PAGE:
•  299
    Introspective humility
    with Tim Bayne
    Philosophical Issues 20 (1): 1-22. 2010.
    Viewed from a certain perspective, nothing can seem more secure than introspection. Consider an ordinary conscious episode—say, your current visual experience of the colour of this page. You can judge, when reflecting on this experience, that you have a visual experience as of something white with black marks before you. Does it seem reasonable to doubt this introspective judgement? Surely not—such doubt would seem utterly fanciful. The trustworthiness of introspection is not only assumed by com…Read more
  •  190
    This chapter discusses the main types of so-called ’subjective measures of consciousness’ used in current-day science of consciousness. After explaining the key worry about such measures, namely the problem of an ever-present response bias, I discuss the question of whether subjective measures of consciousness are introspective. I show that there is no clear answer to this question, as proponents of subjective measures do not employ a worked-out notion of subjective access. In turn, this makes t…Read more
  •  112
    Moderate scepticism about introspection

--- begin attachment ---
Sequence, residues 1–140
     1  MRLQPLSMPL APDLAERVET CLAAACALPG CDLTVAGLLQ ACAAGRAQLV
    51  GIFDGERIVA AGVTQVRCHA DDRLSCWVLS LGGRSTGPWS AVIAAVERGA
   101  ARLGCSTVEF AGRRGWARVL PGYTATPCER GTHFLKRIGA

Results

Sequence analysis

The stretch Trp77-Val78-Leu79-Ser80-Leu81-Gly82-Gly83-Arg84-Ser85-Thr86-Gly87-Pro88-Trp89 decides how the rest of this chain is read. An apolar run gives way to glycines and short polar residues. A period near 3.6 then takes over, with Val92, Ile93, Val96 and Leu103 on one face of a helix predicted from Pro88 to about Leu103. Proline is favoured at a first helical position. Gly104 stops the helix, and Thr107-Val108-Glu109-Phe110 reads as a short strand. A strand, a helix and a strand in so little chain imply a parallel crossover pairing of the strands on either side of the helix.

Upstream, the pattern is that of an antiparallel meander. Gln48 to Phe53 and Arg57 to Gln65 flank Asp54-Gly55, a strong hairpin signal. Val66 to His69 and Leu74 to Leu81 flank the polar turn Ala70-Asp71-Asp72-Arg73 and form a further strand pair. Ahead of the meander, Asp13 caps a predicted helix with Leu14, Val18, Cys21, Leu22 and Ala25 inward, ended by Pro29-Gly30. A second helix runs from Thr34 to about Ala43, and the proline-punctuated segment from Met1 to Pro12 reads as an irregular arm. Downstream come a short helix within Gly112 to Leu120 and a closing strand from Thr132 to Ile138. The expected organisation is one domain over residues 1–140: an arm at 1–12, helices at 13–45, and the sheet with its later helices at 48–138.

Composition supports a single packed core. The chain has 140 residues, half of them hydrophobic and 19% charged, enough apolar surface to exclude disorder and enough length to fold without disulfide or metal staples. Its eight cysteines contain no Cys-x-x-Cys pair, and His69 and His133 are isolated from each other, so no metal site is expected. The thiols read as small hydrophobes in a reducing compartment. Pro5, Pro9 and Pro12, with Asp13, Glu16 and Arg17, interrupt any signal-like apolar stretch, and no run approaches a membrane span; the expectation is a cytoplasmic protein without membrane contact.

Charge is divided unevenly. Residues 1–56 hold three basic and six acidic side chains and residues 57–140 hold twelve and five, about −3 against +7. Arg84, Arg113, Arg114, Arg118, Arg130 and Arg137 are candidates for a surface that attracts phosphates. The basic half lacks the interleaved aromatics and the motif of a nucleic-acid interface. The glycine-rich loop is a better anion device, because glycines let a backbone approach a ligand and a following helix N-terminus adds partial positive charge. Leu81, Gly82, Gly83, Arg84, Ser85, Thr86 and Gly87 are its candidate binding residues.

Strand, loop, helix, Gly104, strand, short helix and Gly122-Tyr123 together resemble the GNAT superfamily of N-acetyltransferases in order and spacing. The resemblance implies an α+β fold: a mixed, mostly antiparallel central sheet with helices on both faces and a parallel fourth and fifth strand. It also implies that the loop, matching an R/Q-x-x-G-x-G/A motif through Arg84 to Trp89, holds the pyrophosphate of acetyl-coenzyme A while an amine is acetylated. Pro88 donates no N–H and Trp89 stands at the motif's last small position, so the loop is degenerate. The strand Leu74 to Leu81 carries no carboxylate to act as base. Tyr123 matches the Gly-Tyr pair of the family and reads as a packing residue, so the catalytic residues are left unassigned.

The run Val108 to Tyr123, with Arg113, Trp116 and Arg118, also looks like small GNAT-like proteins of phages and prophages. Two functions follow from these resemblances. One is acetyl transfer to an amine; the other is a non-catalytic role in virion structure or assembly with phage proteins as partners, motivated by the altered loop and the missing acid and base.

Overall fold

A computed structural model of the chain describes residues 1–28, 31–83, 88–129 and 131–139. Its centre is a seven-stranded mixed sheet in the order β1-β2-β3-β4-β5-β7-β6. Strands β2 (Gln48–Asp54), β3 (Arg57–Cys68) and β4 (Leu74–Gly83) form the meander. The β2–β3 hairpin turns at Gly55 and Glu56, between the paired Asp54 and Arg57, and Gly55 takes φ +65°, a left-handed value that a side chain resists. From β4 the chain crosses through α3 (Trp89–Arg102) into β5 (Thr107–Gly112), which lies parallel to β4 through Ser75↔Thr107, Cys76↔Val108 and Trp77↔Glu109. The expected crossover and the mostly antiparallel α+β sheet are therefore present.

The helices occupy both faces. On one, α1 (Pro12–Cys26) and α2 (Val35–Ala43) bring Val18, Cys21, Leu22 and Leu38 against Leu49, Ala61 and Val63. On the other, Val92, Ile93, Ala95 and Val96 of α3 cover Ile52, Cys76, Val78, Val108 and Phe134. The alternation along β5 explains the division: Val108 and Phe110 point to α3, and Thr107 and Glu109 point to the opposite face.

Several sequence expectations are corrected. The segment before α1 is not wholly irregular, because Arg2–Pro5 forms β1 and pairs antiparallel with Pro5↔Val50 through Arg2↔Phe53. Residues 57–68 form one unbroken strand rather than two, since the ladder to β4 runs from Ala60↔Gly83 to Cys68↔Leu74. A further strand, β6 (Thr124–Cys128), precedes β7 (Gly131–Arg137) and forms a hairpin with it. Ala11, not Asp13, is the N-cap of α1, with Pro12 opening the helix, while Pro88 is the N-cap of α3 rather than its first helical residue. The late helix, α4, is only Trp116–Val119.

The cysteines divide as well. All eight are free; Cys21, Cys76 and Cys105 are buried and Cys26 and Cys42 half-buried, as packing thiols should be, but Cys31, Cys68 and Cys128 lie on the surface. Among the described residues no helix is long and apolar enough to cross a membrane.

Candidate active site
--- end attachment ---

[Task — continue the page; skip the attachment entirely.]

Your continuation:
Philosophical Studies 165 (3): 1187-1194. 2013.
  •  83
    Calibrating Introspection
    Philosophical Issues 25 (1): 300-321. 2015.
  •  56
    Disagreement about cognitive phenomenology
    In Tim Bayne and Michelle Montague (ed.), Cognitive Phenomenology, Oxford University Press. pp. 268. 2011.
  •  43
    Mind-Independence and Visual Phenomenology
    In Declan Smithies & Daniel Stoljar (eds.), Introspection and Consciousness, Oxford University Press. pp. 381. 2012.
  •  33
    Using first-person data about consciousness
    Journal of Consciousness Studies 18 (1): 165-179. 2011.
    In Describing Inner Experience, Hurlburt and Schwitzgebel explore the proper limits of scepticism about consciousness and the prospect of a scientific investigation of consciousness. Their debate with each other focuses on the question about whether we can trust people's reports about their inner experiences and on Hurlburt's introspective method, DES. I point out that their discussion leaves unclear the crucial question of the aims and objectives of DES. This makes it difficult genuinely to ass…Read more
  •  25
    Review of William Robinson, Understanding Phenomenal Consciousness (review)
    Notre Dame Philosophical Reviews 2005 (9). 2005.
  •  16
    Expecting phenomenology
    Behavioral and Brain Sciences 30 (5-6): 526-527. 2007.
    Block's argument against correlationism depends in part on a view about what subjects in certain experiments can be aware of phenomenally. Block's main source of evidence for this view is introspection. I argue that introspection should not be trusted in this respect. This weakens Block's argument and undermines correlationism at the same time